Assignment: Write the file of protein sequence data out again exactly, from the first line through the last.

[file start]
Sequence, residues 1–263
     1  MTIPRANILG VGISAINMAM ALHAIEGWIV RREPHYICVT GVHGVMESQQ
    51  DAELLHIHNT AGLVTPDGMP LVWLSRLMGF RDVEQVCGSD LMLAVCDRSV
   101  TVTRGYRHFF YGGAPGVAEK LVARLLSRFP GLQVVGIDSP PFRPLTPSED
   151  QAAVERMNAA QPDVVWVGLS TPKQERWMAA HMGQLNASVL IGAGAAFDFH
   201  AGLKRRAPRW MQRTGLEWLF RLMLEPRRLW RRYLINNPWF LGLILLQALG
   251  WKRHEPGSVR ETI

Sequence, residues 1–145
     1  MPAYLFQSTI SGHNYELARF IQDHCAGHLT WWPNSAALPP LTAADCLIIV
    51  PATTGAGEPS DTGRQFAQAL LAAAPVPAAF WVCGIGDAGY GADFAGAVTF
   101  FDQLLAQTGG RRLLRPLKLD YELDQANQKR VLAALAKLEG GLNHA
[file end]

Sequence, residues 1–263
     1  MTIPRANILG VGISAINMAM ALHAIEGWIV RREPHYICVT GVHGVMESQQ
    51  DAELLHIHNT AGLVTPDGMP LVWLSRLMGF RDVEQVCGSD LMLAVCDRSV
   101  TVTRGYRHFF YGGAPGVAEK LVARLLSRFP GLQVVGIDSP PFRPLTPSED
   151  QAAVERMNAA QPDVVWVGLS TPKQERWMAA HMGQLNASVL IGAGAAFDFH
   201  AGLKRRAPRW MQRTGLEWLF RLMLEPRRLW RRYLINNPWF LGLILLQALG
   251  WKRHEPGSVR ETI

Sequence, residues 1–145
     1  MPAYLFQSTI SGHNYELARF IQDHCAGHLT WWPNSAALPP LTAADCLIIV
    51  PATTGAGEPS DTGRQFAQAL LAAAPVPAAF WVCGIGDAGY GADFAGAVTF
   101  FDQLLAQTGG RRLLRPLKLD YELDQANQKR VLAALAKLEG GLNHA